Tuesday, December 22, 2020

Holiday Safety Tips For Pets


Family pets can be as curious as children when it comes to holiday decorations, foods, and visitors. Cats swallowing tinsel, dogs eating chocolate, and both getting the medicine from Aunt Sally's purse…pets need to be watched as carefully as children.

Here are a few things to consider when planning your holiday celebrations.

  • Batteries in toys, greeting cards, electronic devices, flameless candles, and remote controls can cause serious injury if pets (or humans) swallow them. Internal burns can occur in a very short time.
  •  If your pet swallows a battery, take the animal to the vet right away! It is NOT OK to wait.
  • Water from Christmas tree stands can contain bacteria. Swallowing the water can cause stomach upset and diarrhea, even if the ingredients aren't poisonous.
  • Pets can choke on tinsel, ribbons, and Christmas tree needles. They can be cut by broken ornaments. Keep trees and their decorations high up or blocked off.
  • Poinsettia is not a deadly plant, despite frequent warnings in the media. However, the sap from poinsettia plants can be very irritating. Pets who chew on poinsettia can develop skin rashes and mouth irritation. If they swallow the plant, they could have stomach upset and discomfort.
  • Holly leaves are prickly and can cause injury if a pet tries to eat them. Holly berries can be poisonous; they easily dry up and fall onto the floor where pets (and children) can find them.
  • Alcoholic beverages and chocolate are among the foods which pets should not consume. Empty the glasses and store left-overs safely so pets won’t consume the drinks or develop food poisoning.
  • Many human medicines are poisonous to pets. For example, small amounts of over-the-counter pain relievers can be fatal to cats and dogs. Even if your own medicines are stored safely, be aware that visitors may have medicines in their purses or suitcases. Provide a place for these things to be stored safely, out of sight and reach of pets (and children).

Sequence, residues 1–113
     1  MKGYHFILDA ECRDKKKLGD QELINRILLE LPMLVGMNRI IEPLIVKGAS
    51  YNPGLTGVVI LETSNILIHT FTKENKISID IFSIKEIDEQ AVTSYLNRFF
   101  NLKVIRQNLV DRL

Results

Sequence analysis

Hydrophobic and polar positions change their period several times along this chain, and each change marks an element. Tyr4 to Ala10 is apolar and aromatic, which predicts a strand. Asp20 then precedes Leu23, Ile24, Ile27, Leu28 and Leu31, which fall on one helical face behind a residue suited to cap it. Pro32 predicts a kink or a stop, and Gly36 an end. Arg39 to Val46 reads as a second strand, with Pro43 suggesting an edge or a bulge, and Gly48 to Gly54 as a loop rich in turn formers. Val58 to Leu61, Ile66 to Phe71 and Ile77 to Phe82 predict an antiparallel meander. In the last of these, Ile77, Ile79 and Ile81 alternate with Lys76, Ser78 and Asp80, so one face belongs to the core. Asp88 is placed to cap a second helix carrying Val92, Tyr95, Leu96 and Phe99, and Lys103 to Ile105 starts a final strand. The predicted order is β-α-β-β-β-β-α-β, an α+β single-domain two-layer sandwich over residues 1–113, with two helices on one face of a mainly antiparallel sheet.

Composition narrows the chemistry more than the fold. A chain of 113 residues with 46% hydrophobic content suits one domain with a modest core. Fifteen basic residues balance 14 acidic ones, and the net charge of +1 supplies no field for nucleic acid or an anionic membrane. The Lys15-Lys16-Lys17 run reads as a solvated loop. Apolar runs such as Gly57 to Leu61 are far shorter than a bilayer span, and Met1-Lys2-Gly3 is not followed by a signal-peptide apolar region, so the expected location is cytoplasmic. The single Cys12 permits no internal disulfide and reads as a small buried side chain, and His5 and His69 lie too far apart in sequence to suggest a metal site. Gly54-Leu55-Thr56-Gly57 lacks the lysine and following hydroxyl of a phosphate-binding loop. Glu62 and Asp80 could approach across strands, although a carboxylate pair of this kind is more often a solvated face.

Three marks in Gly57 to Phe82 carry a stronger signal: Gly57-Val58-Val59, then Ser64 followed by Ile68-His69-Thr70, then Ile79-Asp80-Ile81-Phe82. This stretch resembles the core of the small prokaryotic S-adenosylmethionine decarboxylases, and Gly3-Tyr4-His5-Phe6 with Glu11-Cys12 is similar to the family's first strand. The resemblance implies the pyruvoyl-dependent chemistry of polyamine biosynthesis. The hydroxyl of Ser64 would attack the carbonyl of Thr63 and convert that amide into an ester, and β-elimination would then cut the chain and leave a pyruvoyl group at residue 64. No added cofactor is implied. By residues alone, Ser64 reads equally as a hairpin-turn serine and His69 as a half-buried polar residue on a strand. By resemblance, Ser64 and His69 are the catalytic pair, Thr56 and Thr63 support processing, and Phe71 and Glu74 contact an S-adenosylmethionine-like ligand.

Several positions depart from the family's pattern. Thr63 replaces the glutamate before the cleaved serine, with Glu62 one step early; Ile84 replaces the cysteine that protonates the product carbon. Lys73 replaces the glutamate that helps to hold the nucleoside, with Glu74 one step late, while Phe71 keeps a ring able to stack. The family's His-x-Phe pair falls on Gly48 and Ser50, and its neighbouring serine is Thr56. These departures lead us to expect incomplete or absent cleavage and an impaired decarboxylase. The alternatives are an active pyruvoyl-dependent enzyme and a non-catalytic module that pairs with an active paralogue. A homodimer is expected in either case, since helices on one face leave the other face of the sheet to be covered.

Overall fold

Please remind your guests NOT TO FEED HOLIDAY FEAST LEFTOVERS to your pet. They may not know that many holiday foods may pose great danger to your four-legged companions. It may seem innocent enough to slip a few extra morsels of dinner or dessert under the table to a begging canine or feline friend, but even the most harmless-seeming meal scraps can sometimes be hazardous to pets.

Here are some things to keep in mind when preparing for the many feasts of the holiday season:


Candy Can Be Deadly. Chocolate contains theobromine, a substance that can be toxic to pets. Dark, semi-sweet, and Baker's each contain high-concentrates of theobromine, more than other chocolates varieties - but all chocolate can all be lethal to pets if ingested. Even "sugar-free" candy can be extremely dangerous,  so be sure to keep the candy bowls and snack trays well out of your pets’ reach!

Leftovers May Be Dangerous. Fatty leftovers, like meat drippings and bones, can cause internal injury, upset stomachs, diarrhea, or vomiting, and may lead to pancreatitis and obesity. Be sure to keep your friends and family informed and in check before they begin doling out unwanted scraps beneath the dinner table.

Bones Are Bad. Although bones from our holiday birds look good to pets, they are dangerous and can cause intestinal upset and may even splinter once chewed – becoming lodged dangerously in your pets’ throat – or in the process of being digested – creating serious intestinal problems.